Indians sign Nick Swisher to four-year, $56 million contract

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As first reported by beat writer Mark Feinsand of the New York Daily News, the Indians have signed free agent outfielder Nick Swisher to a four-year contract worth $56 million. It’s only pending a physical exam.

The deal also includes a $14 million vesting option for the 2017 season, meaning the total potential length and value of the contract is five years, $70 million.

Swisher hit .272/.364/.473 with 24 home runs and 93 RBI in 148 games this past summer for the Yankees. The 32-year-old boasts a solid .256/.361/.467 career batting line in the major leagues.

Cleveland will start Michael Brantley in left field, Drew Stubbs in center and Swisher in right.

Dustin Fowler is suing the White Sox over an outfield collision

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Tom Schuba of the Chicago Sun-Times reports that Athletics outfielder Dustin Fowler has filed suit against the White Sox for negligence. Fowler sustained a season-ending injury during a collision at Guaranteed Rate Field last June and is also bringing the lawsuit against the Illinois Sports Facilities Authority agency, as neither party took measures to secure the ballpark’s unpadded electrical box that exacerbated his injuries.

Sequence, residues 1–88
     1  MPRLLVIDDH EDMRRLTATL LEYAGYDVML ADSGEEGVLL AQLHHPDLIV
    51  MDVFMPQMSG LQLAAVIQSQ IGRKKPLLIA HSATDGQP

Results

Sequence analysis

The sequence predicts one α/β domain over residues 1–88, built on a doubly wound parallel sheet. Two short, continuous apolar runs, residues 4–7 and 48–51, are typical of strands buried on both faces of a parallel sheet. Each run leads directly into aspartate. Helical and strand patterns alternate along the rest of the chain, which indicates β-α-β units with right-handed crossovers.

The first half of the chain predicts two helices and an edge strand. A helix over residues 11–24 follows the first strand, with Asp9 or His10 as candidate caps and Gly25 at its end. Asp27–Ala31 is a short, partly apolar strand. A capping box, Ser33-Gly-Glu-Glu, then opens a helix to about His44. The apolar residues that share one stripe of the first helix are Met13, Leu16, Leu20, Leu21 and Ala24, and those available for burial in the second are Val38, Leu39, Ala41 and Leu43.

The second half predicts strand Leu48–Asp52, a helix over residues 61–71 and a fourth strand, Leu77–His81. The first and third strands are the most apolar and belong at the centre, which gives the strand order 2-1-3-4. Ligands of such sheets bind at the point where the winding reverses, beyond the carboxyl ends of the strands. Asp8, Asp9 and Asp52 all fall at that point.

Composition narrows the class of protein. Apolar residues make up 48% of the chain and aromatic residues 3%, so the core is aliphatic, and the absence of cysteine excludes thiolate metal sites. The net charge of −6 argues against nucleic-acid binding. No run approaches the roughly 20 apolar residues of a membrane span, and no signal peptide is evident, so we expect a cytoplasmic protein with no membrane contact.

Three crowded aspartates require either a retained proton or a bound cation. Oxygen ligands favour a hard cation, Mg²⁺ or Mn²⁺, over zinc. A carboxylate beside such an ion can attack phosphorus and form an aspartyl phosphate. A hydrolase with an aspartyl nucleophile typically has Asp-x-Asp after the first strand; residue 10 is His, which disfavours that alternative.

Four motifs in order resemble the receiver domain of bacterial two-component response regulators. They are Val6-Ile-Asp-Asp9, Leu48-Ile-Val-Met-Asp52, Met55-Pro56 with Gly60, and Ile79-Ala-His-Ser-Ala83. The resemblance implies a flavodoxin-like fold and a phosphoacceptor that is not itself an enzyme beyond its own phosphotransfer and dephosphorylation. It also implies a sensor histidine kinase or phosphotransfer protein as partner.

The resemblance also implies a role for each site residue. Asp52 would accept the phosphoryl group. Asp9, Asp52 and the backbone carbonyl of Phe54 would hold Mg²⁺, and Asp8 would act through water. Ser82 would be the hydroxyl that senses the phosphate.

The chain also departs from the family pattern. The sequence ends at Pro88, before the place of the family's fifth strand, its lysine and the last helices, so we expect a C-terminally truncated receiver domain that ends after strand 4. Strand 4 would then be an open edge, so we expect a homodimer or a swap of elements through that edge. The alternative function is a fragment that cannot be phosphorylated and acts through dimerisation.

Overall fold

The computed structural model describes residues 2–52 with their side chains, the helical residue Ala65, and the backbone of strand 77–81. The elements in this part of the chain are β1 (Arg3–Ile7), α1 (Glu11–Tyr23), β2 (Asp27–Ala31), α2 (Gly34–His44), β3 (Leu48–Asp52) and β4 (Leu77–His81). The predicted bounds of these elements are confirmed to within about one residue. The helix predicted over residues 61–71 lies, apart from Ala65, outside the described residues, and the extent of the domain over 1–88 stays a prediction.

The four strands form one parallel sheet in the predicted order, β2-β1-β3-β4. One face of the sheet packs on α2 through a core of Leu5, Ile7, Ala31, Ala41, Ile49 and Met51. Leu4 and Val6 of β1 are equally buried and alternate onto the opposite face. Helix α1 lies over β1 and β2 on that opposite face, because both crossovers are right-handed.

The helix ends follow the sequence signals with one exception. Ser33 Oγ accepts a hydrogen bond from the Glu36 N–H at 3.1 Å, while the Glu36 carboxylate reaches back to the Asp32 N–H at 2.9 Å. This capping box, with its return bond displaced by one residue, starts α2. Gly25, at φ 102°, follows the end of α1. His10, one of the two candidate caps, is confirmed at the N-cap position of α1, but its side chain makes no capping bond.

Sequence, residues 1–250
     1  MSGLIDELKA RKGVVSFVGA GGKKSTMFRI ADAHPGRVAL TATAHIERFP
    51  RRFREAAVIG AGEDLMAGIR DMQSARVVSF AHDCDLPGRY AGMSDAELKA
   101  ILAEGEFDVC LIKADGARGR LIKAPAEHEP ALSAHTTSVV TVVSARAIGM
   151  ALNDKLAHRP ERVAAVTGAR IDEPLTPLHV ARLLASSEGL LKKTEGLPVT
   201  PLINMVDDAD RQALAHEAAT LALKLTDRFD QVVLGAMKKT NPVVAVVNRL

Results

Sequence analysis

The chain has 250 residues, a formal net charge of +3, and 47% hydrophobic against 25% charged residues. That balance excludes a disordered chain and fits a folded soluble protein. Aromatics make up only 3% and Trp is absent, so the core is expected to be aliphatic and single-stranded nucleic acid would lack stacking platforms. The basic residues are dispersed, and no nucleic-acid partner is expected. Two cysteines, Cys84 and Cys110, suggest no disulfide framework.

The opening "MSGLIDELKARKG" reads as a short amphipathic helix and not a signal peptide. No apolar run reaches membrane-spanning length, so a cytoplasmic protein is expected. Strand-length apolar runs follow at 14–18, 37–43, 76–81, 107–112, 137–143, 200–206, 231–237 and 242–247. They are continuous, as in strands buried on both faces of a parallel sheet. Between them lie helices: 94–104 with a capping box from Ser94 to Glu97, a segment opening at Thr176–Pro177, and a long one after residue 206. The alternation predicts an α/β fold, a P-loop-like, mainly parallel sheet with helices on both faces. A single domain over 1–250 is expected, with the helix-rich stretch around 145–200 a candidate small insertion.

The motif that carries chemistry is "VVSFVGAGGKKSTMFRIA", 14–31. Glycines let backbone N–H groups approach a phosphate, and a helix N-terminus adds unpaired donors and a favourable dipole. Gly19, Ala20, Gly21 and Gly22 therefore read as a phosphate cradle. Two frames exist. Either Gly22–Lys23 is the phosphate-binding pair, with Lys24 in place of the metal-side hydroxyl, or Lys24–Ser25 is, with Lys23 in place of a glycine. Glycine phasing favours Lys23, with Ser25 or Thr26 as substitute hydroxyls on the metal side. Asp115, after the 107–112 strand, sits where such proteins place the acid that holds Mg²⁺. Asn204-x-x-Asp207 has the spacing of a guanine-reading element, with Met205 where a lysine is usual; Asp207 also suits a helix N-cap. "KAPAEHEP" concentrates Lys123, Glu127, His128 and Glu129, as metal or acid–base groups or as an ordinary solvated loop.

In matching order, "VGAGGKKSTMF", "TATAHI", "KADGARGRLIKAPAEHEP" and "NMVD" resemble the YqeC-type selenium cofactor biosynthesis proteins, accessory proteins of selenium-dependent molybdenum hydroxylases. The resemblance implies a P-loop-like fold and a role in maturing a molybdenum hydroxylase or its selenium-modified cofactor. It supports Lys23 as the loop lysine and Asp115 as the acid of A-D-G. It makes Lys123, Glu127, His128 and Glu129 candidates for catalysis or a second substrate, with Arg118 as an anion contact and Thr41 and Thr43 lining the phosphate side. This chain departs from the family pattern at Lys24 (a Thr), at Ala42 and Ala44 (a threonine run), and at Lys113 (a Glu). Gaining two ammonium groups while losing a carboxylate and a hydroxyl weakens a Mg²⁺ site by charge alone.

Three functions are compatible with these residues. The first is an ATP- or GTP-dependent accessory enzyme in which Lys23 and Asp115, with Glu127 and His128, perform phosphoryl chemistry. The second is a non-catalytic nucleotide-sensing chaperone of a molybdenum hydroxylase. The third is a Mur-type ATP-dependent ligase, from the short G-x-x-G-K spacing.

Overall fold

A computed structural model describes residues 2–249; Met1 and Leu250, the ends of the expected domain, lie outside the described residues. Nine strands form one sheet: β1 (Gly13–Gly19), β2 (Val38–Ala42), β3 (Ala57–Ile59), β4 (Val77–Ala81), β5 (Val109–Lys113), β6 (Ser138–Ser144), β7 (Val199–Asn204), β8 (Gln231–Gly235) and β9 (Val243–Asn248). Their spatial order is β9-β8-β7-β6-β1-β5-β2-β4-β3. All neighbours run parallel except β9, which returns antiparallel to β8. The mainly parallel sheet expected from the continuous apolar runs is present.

The 22-year-old outfielder was just two outs into his major league debut with the Yankees when the incident occurred. Fowler tracked a Jose Abreu foul ball down the first base line and flipped over the short railing. He was noticeably limping after colliding with a knee-high electrical box at the wall and collapsed to the ground within seconds before being carted off the field.

The official diagnosis: a ruptured patellar tendon and season-ending surgery on his right knee. Per Schuba’s report, which can be read here in full, Fowler has claimed “‘severe and permanent’ external and internal injuries, as well as mental pain and anguish” following the collision.

No specific demands have been publicized yet. Fowler is said to be seeking money from both the White Sox and the Sports Facilities Authority, likely enough to cover the “large sums” he spent on medical care for the surgery and related treatments.